Banking slowdown expected in Saudi Arabia

17 January 2016

As the economic context weakens in the kingdom, lenders will suffer too

Banking sector growth and profits are expected to weaken in Saudi Arabia in 2016, reflecting the kingdom’s slower GDP growth, which is projected by the Washington-based IMF to be 2.3 per cent.

Falling oil revenues and government bond issuances are also having a major impact on liquidity, and this is pushing pricing up for corporate borrowers. At the same time, those borrowers are also taking a hit to their profits.

Deposit growth has already slowed and loan growth is expected to follow suit, as liquidity dries up. Banks will adopt a more cautious attitude and focus on big-name borrowers.

The financial sector used the huge buffers they built up while oil prices were high to cushion their landing in 2015 and maintain lending. The longer oil prices remain low, the more banking profits will suffer, along with the rest of the economy.

With less lending and project finance deals expected, transaction fees could also suffer.

Liquidity constraints

“There are significant liquidity constraints after the long glut,” says an international banker based in Riyadh. “The banking sector may not grow this year, just 1 per cent or even negative.”

Government deposits declined 28.7 per cent year-on-year to the end of November 2015, while banking sector deposits grew just 5.3 per cent, according to the Saudi Arabian Monetary Agency (Sama), the central bank.

 Saudi Arabia government deposits

Saudi government deposits

Both National Commercial Bank (NCB) and Banque Saudi Fransi, the first to report to the Saudi Stock Exchange (Tadawul), saw deposits fall slightly year-on-year, but still reported strong profits. More financial results will reveal how sharp the deposit slowdown has been.

At the same time, loan growth slowed to 8.2 per cent year-on-year to November. This is down from the double figures seen over the past few years, but still faster than deposit growth.

This led the loan-to-deposit ratio (LDR) to spike in October at 84 per cent, low by global standards, but close to Sama’s regulatory limit of 85 per cent.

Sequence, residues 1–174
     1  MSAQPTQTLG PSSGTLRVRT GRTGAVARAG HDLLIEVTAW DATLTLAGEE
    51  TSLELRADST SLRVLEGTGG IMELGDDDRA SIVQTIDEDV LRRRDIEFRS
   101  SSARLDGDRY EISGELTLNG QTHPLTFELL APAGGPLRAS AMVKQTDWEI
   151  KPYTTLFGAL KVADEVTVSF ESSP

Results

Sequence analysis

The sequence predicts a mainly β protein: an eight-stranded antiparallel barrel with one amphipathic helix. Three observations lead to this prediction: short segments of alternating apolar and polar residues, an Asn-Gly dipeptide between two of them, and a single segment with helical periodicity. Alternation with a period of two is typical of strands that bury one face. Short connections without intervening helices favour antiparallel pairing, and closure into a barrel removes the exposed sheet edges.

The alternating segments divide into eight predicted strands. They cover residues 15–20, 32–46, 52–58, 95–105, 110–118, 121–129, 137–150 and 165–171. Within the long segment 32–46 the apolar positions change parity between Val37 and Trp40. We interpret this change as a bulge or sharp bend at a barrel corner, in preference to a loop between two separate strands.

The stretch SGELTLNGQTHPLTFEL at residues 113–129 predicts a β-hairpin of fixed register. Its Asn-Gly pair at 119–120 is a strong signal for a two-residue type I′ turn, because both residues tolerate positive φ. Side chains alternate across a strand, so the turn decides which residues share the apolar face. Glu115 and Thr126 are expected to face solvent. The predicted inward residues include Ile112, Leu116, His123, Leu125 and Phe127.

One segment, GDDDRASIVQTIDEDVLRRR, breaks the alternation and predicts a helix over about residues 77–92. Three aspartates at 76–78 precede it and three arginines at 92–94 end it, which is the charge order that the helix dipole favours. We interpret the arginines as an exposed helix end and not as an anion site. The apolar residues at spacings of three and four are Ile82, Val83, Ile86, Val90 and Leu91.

Saudi Arabia ldr

Saudi loan-to-deposit ratio

“There is pressure on liquidity, but it’s not alarming,” says Fahad al-Turki, chief economist and head of research at Riyadh-based Jadwa Investment. “There is great competition for deposits, especially time and savings deposits, and rates have increased to attract since mid-2015.”

The weak deposit growth is a reflection of a wider economic slowdown, as companies deposit less and scale back investment plans.

Loan growth

This means lower demand for finance to fund expansions. Jadwa Investment predicts the credit growth rate will fall from 9 per cent in 2015 to 6.7 per cent in 2016, which is still strong in global terms.

Banks will also be much more cautious about who they lend to and on which terms.

 Saudi interbank rate

Saudi interbank rate

Pricing has risen significantly from the extremely low rates between 2012 and 2014, allowed by low Sama rates, abundant liquidity and high competition to lend.

“Companies are not struggling to get finance, but return requirements have gone up; loan margins and pricing are up,” says a Saudi-based banker. “Before it was historically low, it had fallen a lot, but what is normal?”

A poorer economic performance overall will increase the number of problem loans, rising from a very low 1.5 per cent in June 2015 to 2.5 per cent, according to the US’ Moody’s Investors Service.

Project finance

Project finance bankers are focusing on major refinancings in the market, with companies looking for better terms than they achieved before 2012. Just one project finance deal is on the horizon.